• SEND speak

Partnerships, the Law, Meet the SEN Team & Cakes

Updated: Mar 30, 2019

Dear All

Much of the time, SENDspeak is compiled by searching the world of social media and #SEND. For this issue, a thank you to the parents and professionals who have also sent in items for SENDspeak 😊

1. The Local Offer; a change of web address

2. SEND Partnership Board - Richmond

3. Pupils push boundaries to complete Bikeability scheme

4. Autism Strategy – Richmond

5. Dramatize, Theatre and Makaton

6. Visual Impairment – report, inquiry and exam papers

7. Joint Ofsted and CQC local area SEND inspections - progress so far

8. Understanding the SEND Law

9. Meet the SEN Team Coffee Mornings

10. Learning disability and autism training for Health and Care staff

11. Clarendon Primary Family Mosaic Project

12. Jonathan's Cake Sale

1 The Local Offer; a change of web address

“Today (28th March) the website address for the Kingston and Richmond AfC info website changed to

This is preparation for the launch of the Windsor and Maidenhead (RBWM) AfCinfo website next week.

From 1st April will lead new visitors to a new landing page which will lead to either the existing Kingston and Richmond site or the new RBWM site.

Any existing links being used for the Kingston and Richmond website have been redirected so there should not be a loss of service.”

2 SEND Partnership Board - Richmond

“Renewed Partnership Commitment to Richmond's Children and Young People with SEND

The first meeting of the renewed Richmond SEND Partnership Board was held last week on Thursday [21st March] - with a great turnout from all those with responsibilities for supporting children with SEND across the borough.

Leadership of the Board rests with the statutory services, so the Board is Chaired by Richmond Council's Director of Children's Services, James Thomas, and the Vice-Chair is Richmond CCG's Managing Director, Tonia Michaelides; with strong support around the table from parent representatives, voluntary sector representatives, Achieving for Children, health providers, headteachers from special, primary and secondary schools, adult services, public health and elected members.

The Board will meet every two months to drive the improvement of services for children and young people. The main focus of this first meeting was to agree upon the values and vision underpinning our shared partnership approach, and to agree upon how partners will work together.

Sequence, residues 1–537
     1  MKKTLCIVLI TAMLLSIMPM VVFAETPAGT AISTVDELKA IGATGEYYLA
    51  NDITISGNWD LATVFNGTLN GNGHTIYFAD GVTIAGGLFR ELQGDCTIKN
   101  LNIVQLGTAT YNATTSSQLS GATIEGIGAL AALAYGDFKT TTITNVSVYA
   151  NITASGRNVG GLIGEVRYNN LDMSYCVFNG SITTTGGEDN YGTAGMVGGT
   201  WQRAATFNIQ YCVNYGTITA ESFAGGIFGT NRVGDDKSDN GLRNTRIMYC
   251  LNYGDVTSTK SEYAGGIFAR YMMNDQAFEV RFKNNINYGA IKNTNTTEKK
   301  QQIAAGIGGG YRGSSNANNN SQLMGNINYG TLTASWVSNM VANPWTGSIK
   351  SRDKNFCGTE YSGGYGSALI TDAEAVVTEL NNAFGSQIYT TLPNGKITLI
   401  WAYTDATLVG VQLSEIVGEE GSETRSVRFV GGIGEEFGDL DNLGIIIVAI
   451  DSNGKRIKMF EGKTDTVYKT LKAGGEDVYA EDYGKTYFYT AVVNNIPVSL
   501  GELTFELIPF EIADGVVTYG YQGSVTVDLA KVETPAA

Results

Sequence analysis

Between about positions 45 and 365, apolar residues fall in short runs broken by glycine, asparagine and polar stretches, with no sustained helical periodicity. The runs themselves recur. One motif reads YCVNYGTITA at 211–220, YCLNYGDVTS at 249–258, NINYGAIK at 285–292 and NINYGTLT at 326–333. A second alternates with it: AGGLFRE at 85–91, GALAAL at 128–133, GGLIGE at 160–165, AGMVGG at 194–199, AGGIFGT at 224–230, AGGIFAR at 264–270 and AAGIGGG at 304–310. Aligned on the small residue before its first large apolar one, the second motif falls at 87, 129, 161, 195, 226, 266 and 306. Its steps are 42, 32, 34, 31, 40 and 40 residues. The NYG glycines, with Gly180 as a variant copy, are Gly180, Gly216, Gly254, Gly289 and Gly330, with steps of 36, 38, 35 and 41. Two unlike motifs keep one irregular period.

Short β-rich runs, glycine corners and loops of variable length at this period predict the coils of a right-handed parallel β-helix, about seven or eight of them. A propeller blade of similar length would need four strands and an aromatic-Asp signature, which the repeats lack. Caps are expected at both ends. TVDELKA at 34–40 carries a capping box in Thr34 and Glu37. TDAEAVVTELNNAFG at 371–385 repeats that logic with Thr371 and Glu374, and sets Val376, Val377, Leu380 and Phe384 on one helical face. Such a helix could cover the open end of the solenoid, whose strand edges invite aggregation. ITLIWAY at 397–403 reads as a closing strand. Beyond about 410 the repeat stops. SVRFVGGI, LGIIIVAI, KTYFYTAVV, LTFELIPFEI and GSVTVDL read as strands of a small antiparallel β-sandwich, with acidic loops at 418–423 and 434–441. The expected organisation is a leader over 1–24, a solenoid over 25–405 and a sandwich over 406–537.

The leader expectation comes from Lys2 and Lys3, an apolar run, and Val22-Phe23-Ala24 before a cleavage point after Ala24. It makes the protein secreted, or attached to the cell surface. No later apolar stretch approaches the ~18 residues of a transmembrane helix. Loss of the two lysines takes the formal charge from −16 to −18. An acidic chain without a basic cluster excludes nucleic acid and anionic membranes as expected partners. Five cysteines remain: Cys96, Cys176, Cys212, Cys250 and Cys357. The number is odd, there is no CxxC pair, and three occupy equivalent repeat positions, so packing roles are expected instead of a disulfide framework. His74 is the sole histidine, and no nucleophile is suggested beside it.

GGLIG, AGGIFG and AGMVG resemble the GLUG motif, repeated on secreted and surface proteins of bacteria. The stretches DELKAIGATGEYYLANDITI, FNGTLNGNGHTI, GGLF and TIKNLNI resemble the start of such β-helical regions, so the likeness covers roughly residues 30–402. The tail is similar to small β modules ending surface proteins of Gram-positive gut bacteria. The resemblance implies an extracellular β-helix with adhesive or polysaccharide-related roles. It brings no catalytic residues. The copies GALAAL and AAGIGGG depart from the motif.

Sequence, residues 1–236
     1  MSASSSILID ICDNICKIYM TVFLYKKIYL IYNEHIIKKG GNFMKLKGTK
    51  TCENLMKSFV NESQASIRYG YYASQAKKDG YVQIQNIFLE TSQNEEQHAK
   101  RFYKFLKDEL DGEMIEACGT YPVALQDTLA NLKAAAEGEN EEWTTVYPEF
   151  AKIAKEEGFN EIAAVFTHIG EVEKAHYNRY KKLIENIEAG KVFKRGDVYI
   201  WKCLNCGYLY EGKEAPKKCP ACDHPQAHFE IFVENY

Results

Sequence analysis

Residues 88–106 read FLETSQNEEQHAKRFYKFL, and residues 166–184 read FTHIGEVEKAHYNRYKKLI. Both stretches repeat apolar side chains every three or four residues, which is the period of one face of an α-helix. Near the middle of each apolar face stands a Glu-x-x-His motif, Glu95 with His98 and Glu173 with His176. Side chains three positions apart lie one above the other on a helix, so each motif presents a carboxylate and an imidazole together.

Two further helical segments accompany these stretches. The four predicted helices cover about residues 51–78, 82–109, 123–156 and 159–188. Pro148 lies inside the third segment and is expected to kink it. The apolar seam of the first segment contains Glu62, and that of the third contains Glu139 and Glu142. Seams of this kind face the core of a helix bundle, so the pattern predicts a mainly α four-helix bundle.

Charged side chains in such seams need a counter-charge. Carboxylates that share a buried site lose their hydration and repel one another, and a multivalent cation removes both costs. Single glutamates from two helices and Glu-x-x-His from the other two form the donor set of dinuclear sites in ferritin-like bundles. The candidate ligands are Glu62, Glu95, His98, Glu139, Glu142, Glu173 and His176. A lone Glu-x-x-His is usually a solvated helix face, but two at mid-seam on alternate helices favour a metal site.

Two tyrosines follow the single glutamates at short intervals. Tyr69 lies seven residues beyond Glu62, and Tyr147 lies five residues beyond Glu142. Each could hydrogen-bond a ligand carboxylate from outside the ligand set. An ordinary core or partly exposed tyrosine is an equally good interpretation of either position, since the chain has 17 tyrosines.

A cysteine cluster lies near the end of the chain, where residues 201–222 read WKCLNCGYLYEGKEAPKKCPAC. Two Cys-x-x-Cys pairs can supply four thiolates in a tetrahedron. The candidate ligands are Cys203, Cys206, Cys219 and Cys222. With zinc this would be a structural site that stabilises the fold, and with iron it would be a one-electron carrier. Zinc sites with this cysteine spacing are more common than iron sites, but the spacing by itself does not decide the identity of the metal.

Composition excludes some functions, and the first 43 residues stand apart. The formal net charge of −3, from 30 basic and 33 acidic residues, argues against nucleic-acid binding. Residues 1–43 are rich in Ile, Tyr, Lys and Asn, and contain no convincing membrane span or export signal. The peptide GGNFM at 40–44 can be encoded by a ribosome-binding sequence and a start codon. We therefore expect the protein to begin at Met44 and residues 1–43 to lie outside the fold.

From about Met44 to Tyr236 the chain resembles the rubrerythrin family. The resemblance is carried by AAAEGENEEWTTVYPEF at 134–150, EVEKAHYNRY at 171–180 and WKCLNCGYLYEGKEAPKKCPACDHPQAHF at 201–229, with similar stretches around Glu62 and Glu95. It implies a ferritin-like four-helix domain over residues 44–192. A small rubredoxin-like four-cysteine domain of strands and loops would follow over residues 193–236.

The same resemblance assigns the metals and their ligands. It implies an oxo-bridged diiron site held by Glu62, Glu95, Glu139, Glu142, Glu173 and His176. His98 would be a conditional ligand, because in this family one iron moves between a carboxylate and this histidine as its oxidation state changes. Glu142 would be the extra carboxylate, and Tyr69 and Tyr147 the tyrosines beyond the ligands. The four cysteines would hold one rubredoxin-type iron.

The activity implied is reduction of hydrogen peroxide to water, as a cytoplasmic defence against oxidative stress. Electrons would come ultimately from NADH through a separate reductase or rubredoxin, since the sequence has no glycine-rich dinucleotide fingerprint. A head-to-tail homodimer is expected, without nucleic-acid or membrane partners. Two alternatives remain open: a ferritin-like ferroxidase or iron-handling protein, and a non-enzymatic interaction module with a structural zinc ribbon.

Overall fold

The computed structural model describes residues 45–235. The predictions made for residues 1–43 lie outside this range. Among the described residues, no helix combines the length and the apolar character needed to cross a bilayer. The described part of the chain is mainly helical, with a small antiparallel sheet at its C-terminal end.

The Board began its meeting with a presentation of what children and young people have said about the support they receive, and this will be the starting point for each meeting of the Board.

· All partners made a commitment to ensuring that the Board makes a positive difference for children and young people.

· All partners made a commitment to work together as a joined up system, facing challenges together in an honest and collaborative way.

· We agreed both to build upon existing strengths and to learn lessons from past mistakes.

· The Board's next task is to establish a shared understanding of local need and how well needs are currently being met, as the basis for shared priorities where we will make measurable improvements for children and young people.”

James Thomas

Director of Children's Services

Chair of Richmond SEND Partnership Board

3 Pupils push boundaries to complete Bikeability scheme

published by Kingston Council - published 28th March

“Seventy children with special educational needs and disabilities (SEND) from Dysart School saddled up and are now Bikeability trained thanks to our cycle trainers.”

4 Autism Strategy – Richmond

Alison and Kevin Sears have been stalwarts of the local National Autistic Society (NAS) for longer than many of us care to remember. They are well known for their quiet thoughtfulness and constancy. Here’s what they’ve been up to recently:

“In 2009, the NAS made history by leading a campaign to get the Government to recognise and support autistic adults through an Autism Act in England. This led to an Autism Strategy; the most recent update being called Think Autism. The big news is that the next Strategy update will cover not just adults but children as well!

The Government has published statutory guidance that tells local authorities and NHS bodies the actions they should be taking to meet the needs of autistic people living in their area. To monitor their progress in implementing the Strategy, each local authority completes an online self-assessment form and sends it to the Department for Health and Social Care; the most recent one for our Borough being sent in December 2018.

Our Branch was sent a copy and identified a number of gaps that we brought to the attention of the local authority. As a result of this, Alison and Kevin were invited to a meeting with one of the commissioners to discuss this further.

The gaps we identified included:

1. Not having local representation for the interests of autistic adults without learning disabilities. Locally, autism adult services have been grouped with learning disabilities, older persons' care and other disabilities.

2. Only including autistic people diagnosed and eligible for social care over the past year rather than the total number, as recommended by the NAS.

Because the next Autism Strategy update will include autistic children as well as adults, Alison

and Kevin stated that there will have to be joint working and information sharing between the children's and adult services.

A point raised was that autistic people without learning disabilities “fall through the cracks” of local services; being neither eligible for support from Adult Social Care nor the Mental Health Team unless they reach crisis point. The significant impact on their immediate family, should they be providing care, plus their rights as carers for support from the local authority was also mentioned.